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dc.contributor.advisorHigham, James
dc.contributor.advisorMitchell, Richard
dc.contributor.authorWright, Richard Keith
dc.date.available2011-03-14T22:21:44Z
dc.date.copyright2011
dc.identifier.citationWright, R. K. (2011). From the Abbey to the Academy:The Heartful Autoethnography of a lost and Lonely-Looking Self Indulgent Sport Tourist (Thesis, Doctor of Philosophy). University of Otago. Retrieved from http://hdl.handle.net/10523/620en
dc.identifier.urihttp://hdl.handle.net/10523/620
dc.description.abstractThis is anything but an average doctoral thesis. It takes both the author and his audience on a socially-constructed journey of self discovery. It explores the emotional world of evocative 'heartful‘ sociological introspection. I aim to target your imagination from the outset. I attempt to illustrate the unmistakeable influence that our memories inevitably have on the way we subsequently (re)interpret our sense of personal and public belonging to the present. In doing so, I explore the multiple ways in which we all continually (re)establish and socially categorise our much-needed self esteem. More specifically, I look at our unique attachment and emotional affiliation to the various cultural societies within which are all located. This is my attempt to not only locate, but legitimise my personal involvement in the field of special interest 'sports-related' tourism. This is my autoethnography. My thesis explores the potential of embracing, not ignoring, our emotional subjectivity. I look openly at the powerful influence that our cultural identities, both personal and professional, have on our professional behaviour. It is a tale about the socio-psychological importance of finding the right balance between ‘being there‘ and ‘being elsewhere‘. It is all about me accepting my self indulgent personality. It is not, however, a personal tribute. I could not have done this alone. My autobiographical story has been influenced by the inspirational work of many likeminded individuals. This is not just an honest academic reflection on who, or what, I discovered during my three ethnographic excursions to Melbourne, Auckland and Wellington. It is not just a candid analysis of why being there was deemed to mean absolutely everything. It offers an emotional reinterpretation of the impact and implications of allowing a little self indulgence, and a lot of sociological imagination, into our ever-changing academic identities. I will never forget the things what I have discovered during the construction of this thesis. I found an alternative path to follow. I found a place in which I now wish to inhabit. I found that the findings are always waiting for us at the end of the day. The biggest challenge, however, is discovering the time to stop. It is only once we finish what we are doing that we can truly re-interpret, everywhere we have been and everything we have seen. Having done it myself, I call for every ethnographer to stop and fully familiarise themselves with the person they see in the mirror.en_NZ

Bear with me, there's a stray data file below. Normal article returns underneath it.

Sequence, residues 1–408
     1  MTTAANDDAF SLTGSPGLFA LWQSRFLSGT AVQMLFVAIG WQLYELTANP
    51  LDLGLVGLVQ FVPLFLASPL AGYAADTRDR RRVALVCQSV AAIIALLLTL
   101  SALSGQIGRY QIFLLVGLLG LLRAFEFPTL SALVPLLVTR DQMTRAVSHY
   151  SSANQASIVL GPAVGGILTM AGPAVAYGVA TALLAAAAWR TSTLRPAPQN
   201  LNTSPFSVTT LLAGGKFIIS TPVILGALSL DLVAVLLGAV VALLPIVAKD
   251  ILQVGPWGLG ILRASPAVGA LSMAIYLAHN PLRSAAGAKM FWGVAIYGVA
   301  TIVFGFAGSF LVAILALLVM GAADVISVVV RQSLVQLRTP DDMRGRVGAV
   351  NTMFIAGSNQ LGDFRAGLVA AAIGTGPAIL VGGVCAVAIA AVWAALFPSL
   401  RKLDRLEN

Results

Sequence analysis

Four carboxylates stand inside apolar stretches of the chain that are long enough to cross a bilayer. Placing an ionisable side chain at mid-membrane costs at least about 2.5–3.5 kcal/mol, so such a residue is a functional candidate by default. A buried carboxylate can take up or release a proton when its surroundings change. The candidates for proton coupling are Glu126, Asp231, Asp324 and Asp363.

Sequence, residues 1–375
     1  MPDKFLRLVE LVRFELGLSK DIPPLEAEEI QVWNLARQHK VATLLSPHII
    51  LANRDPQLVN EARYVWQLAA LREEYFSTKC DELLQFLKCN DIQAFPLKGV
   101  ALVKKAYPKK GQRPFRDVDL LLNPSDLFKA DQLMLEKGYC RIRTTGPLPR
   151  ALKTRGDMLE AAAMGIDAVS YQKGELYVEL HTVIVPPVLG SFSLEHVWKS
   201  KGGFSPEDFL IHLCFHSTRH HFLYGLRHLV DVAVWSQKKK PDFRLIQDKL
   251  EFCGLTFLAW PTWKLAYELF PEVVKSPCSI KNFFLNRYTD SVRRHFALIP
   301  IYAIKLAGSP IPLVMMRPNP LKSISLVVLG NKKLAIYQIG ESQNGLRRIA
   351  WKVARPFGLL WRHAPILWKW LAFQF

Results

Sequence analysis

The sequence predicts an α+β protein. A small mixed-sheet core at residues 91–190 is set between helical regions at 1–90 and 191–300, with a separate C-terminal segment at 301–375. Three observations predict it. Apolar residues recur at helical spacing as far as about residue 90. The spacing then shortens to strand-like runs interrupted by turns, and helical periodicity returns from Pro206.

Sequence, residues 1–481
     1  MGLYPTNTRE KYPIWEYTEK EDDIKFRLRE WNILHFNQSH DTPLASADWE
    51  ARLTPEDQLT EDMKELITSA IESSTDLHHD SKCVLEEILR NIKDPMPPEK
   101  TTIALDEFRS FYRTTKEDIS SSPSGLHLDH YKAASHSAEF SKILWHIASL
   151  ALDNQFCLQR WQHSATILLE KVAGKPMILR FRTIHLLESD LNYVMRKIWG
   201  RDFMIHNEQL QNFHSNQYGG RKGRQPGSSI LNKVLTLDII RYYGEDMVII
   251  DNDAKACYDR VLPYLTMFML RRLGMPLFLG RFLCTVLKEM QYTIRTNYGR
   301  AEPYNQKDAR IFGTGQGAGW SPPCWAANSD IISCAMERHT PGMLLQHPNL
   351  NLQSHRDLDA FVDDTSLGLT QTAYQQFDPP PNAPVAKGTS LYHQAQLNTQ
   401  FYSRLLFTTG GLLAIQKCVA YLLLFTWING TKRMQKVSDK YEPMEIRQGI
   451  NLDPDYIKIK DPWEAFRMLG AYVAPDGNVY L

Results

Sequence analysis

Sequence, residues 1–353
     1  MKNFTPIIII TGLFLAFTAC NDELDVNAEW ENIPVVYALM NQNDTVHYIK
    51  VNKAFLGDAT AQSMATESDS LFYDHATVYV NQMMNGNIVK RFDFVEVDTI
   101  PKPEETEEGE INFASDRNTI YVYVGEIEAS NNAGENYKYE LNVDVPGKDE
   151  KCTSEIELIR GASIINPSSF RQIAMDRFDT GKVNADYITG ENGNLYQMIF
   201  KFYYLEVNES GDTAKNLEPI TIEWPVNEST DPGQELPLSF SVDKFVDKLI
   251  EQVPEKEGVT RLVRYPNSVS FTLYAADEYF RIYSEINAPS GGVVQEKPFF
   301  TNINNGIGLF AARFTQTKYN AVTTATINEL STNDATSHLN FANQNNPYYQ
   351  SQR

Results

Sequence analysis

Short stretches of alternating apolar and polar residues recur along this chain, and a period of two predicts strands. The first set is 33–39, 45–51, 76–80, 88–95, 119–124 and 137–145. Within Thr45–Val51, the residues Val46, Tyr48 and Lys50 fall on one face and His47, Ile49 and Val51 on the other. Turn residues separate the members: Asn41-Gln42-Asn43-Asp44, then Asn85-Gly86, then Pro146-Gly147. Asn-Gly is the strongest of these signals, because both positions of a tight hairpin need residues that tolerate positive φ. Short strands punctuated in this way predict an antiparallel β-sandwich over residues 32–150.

dc.format.mimetypeapplication/pdf
dc.language.isoenen_NZ
dc.publisherUniversity of Otago
dc.rightsAll items in OUR Archive are provided for private study and research purposes and are protected by copyright with all rights reserved unless otherwise indicated.
dc.rights.urihttp://www.otago.ac.nz/administration/policies/otago003228.html
dc.subjectHeartful Autoethnographyen_NZ
dc.subjectSport Tourismen_NZ
dc.titleFrom the Abbey to the Academy:The Heartful Autoethnography of a lost and Lonely-Looking Self Indulgent Sport Touristen_NZ
dc.typeThesis
dc.date.updated2011-03-11T17:40:37Z
thesis.degree.disciplineDepartment of Tourismen_NZ
thesis.degree.nameDoctor of Philosophyen_NZ
thesis.degree.grantorUniversity of Otago
thesis.degree.levelDoctoral Theses
otago.openaccessOpen
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